I pretty much live to read. I get twitchy if I sit down to a meal and don’t have a book handy. Cereal boxes kept me sane at childhood breakfasts. My mom taught me to read at 3.* At five they had to hide the newspapers from me so I wouldn’t get freaked out by headlines. (’70s, you know).
I read a lot. I never learned that speed-reading stuff; I just got fast by sheer repetition, I think. In sixth grade in the school library, my buddy across from me gasped. I looked up. “Your EYES!” he said. Apparently they move back and forth freakishly quickly when I’m reading. Didn’t know that until then.
So I found this test kind of interesting (In several tries, I consistently scored between 975 and 1000, btw):
Source: Staples eReader Department
My Dad has developed Lewy body with Parkinsonian symptoms — a particularly nasty disease similar to Alzheimers; you might have seen Kelsey Grammer’s character with it on the excellent series Boss — and so like lots of folks with the potential for degenerative brain disease, I’m starting to intentionally amp up my brain activity in the perhaps forlorn hope of staving it off. Exercising the muscles before they atrophy, so to speak. Over the last year I’ve been so focused on the mechanics of storing my library I haven’t taken time to read as much as I used to. Dad’s 73; his mom started having similar symptoms at about the same age. I figure I’ve got 30 years left before I may start losing it myself.**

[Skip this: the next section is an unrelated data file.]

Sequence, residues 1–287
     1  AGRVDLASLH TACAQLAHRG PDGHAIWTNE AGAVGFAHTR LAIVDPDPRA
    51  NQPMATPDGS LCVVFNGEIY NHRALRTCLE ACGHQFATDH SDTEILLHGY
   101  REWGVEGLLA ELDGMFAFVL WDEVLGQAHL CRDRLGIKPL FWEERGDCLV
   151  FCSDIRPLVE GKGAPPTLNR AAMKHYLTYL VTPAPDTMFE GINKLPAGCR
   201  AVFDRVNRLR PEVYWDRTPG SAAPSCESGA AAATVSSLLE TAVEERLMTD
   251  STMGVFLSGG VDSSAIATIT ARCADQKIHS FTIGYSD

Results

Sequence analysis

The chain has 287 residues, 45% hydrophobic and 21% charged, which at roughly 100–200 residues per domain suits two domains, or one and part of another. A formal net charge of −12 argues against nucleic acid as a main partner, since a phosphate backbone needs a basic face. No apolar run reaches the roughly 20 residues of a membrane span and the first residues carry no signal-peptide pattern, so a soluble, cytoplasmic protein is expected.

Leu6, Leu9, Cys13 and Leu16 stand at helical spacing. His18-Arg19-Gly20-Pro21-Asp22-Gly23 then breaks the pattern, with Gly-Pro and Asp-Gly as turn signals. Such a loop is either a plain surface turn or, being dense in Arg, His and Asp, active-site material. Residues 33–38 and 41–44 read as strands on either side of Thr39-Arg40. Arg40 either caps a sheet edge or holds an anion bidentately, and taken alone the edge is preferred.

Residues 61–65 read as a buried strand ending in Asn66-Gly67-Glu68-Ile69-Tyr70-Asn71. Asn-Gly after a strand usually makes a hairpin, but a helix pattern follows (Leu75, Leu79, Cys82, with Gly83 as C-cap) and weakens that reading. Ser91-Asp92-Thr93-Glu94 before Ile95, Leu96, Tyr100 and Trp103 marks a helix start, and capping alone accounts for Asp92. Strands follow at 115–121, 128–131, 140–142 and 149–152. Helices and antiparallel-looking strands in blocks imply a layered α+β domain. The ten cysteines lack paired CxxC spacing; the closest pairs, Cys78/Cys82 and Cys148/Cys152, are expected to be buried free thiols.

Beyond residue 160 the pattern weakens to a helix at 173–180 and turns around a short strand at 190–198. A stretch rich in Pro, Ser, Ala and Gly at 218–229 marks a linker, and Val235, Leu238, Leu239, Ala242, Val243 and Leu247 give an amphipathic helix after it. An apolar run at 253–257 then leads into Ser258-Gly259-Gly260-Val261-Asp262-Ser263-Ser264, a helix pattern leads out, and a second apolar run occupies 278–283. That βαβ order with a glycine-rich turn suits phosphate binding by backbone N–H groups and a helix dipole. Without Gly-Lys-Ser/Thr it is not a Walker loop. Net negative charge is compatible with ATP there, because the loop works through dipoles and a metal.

So after a very sobering visit to Dad Saturday, I made myself take a five-hour bath Sunday and did nothing but read the second book and half of the third in the Girl with the Dragon Tattoo trilogy. Good stuff.
*Incidentally, Mom KNOWS HOW IT’S DONE. She babysat my five-year-old nephew for a weekend and when my brother and his wife got home, she’d taught him to read. Like, not reading on Friday, reading on Sunday.
**This depressing calculation also puts my library in a very different light. I’ve been collecting books for nearly forty years, each one a book I intended to read before I die. That timetable has been truncated now. I enjoy rereading books too, so it’s not so easy as setting a target of X new books per week; I have to include time for revisiting old friends as well before I lose the ability to read a book all the way through, as Dad has.
In a sense, I’m mapping out what may be the rest of my mentally active life. There’s a satisfaction to this, in that I’ve started early enough to accomplish what I want to; but it’s not fun.